Students lined up for security checks, while sprinklers watered the grass on nearby median strips. In another neighborhood across the Tigris River, streets were deserted, blocked by mounds of dirt or concrete barriers.
Such is today's Baghdad - a mix of the quest for some semblance of a normal life amid the raw struggle just to survive war and economic hardships.
"Things have improved in one respect only. We have fewer bombs, but everything else is going from bad to worse," Qassim Uraibi, a baker and father of five from Sadr City, said of the joint U.S.-Iraqi security crackdown that began almost seven months ago.
Petraeus said last winter's buildup in U.S. troops - there are at least 160,000 U.S. troops in Iraq at present - had met its military objectives "in large measure" and that he envisions the withdrawal of roughly 30,000 U.S. troops by next summer.
Their testimony could decide the future of the U.S. mission in Iraq, but the government of Prime Minister Nouri al-Maliki has sought to play down its significance, with officials arguing that Iraq's future cannot be determined by reports, deadlines or political benchmarks.
Addressing parliament Monday, al-Maliki made no mention of the testimony, saying only that his country still needed troops of the U.S.-led coalition to stay on in Iraq because Iraqi forces were not yet ready to take over responsibility for security from them.
On Tuesday, a government statement read by National Security Adviser Mouwaffak al-Rubaie welcomed the Petraeus-Crocker testimony, saying it dealt with the situation in Iraq with "transparency" and thanked the U.S.-led coalition for their "great sacrifices."
The government's mixed signals on the testimony were reflected in the views of Iraqis.
"I am eager to hear what Crocker and Petraeus have to say," said Ihsan Mohammed, a 48-year-old retired teacher from the eastern Baghdad Shaab district.
"Most Iraqis are despairing and we are like a drowning man who wants to hold on to anything to survive," he said before the two officials spoke to Congress.
But Mustapha Abdul-Razak, a former officer in the Saddam Hussein-era army and a Sunni, said the testimony amounted to nothing more than "empty talk."
"It will not change anything," he said. "The Americans are experimenting with our lives."
On the day Petraeus and Crocker gave their testimony, a tour of Baghdad revealed mosaic-like conditions, with some neighborhoods appearing to tenuously cling to normalcy, while others showed the scars of conflict.
"Things have undoubtedly improved," said Umm Mustapha, a 45-year-old mother of five from western Baghdad. "You can see it on people's faces. We are going out more. We feel safer."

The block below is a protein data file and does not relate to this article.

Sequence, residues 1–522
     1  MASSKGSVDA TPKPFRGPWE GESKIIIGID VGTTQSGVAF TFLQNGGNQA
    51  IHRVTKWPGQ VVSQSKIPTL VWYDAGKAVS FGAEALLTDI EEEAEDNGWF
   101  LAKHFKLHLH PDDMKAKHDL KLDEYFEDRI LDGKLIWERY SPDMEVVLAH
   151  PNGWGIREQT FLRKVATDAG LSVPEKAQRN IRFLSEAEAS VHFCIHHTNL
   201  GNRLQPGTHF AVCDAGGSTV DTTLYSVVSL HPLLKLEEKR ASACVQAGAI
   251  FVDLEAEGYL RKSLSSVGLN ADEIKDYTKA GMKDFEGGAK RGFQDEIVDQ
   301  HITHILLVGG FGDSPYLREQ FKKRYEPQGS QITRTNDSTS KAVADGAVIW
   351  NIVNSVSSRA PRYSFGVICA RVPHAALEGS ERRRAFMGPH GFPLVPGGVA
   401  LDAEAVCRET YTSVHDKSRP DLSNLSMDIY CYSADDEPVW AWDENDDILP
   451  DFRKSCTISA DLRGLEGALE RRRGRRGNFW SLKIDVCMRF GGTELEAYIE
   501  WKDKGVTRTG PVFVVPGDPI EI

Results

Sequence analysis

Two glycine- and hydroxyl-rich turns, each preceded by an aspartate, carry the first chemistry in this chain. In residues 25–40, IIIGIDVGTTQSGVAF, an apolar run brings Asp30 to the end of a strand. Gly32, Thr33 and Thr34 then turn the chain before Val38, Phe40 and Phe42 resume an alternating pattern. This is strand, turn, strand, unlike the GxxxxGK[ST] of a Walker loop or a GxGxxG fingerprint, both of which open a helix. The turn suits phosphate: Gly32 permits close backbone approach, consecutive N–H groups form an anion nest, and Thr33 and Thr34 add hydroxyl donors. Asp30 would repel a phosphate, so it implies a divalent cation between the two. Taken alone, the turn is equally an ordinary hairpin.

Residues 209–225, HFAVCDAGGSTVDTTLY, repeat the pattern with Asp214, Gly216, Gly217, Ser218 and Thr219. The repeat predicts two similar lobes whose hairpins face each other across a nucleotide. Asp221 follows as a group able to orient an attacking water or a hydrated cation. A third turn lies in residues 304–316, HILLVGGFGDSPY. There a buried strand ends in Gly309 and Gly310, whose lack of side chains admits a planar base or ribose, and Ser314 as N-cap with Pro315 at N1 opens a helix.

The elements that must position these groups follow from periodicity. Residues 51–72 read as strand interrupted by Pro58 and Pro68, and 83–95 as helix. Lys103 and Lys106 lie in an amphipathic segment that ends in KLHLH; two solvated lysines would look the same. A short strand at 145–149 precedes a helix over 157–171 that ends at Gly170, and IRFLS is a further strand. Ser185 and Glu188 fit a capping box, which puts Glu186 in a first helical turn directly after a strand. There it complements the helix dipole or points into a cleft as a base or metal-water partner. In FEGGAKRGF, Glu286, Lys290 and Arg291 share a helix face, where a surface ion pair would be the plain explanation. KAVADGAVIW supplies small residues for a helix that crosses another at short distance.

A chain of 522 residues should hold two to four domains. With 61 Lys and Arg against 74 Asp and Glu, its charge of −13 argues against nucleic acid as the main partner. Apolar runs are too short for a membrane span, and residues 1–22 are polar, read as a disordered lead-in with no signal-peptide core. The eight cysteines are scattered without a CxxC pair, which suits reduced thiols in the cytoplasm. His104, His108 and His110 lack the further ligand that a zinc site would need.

In the mainly Shiite districts of Karradah and Jadriyah, the sprinklers came on shortly after 8 a.m. to water the grass on street medians. Elsewhere in the city, workers unloaded tons of soil to fill newly constructed traffic islands. Bands of young street sweepers in bright yellow shirts toiled on the dusty streets.
"Your city can be more beautiful. It's time for cleaning and beautifying," said the message on a giant billboard. "Let peace prevail," said another one.
Students headed to Baghdad University's main campus in Jadriyah lined up outside the gate to have security guards search them. Groups of workers clamored around food stands, eating a breakfast of falafel or kebabs. Others sat on sidewalks waiting for a day's work, and a wage.
Hawkers, taking advantage of the city's chronic traffic congestion, sold motorists cold sodas, paper tissues, plastic flowers and, curiously, Halloween masks.
The atmosphere changed dramatically across the river in the west bank known as Karkh, a mainly Sunni Arab area hard hit by the sectarian violence sweeping the city since a major Shiite shrine was bombed in February 2006. The attack is blamed on Sunni militants.
On the Jadriyah bridge, two U.S. Bradley fighting vehicles dashed against incoming traffic, forcing motorists to swerve to the right to get out of harm's way. On the highway heading south, the mixed Sunni-Shiite neighborhood of Sadiyah bore the scars of the sectarian violence.
Street after street looked deserted, their entrances blocked by mounds of dirt or concrete barriers. One street visible from the highway was blocked by a heap of trash.
Two mosques that residents say belonged to the Sunnis flew Shiite banners.
Further south, the mainly Sunni district of Dora, which had until recently been among the city's most dangerous areas, was separated from the highway by a wire fence. Flood lights facing the neighborhood are fixed atop the fence at short intervals, an arrangement that's designed to prevent insurgents from planting roadside bombs under the cover of darkness.
In the Yarmouk district, also in Karkh, motorists who crossed into the opposite side of the road to avoid traffic congestion were met with the wrath of a young Iraqi army soldier, who first pointed his assault rifle at them and then menacingly fired in the air to send them back.
In the northern Kazimiyah district, home to the shrines of two of Shiism's 12 imams, visitors underwent three body searches before they reached the ornate site.
Once inside, men, women and children appeared to bask in the spiritual serenity of the complex, sheltered from what many residents now see as Baghdad's madness.
Men and women prayed on the cool marble floor, tearfully held on to the tombs of the two imams and read prayer books available free of charge in Arabic and Farsi. Others just sat peacefully, enjoying the cool air and the tranquility of the place.
Some posed for group photos on the marble plaza surrounding the shrine. Some families picnicked joyfully in the shade.
But a look at the sky above was all the visitors needed to do to be reminded of where they were - two U.S. Apache gunships hovered menacingly just to the west.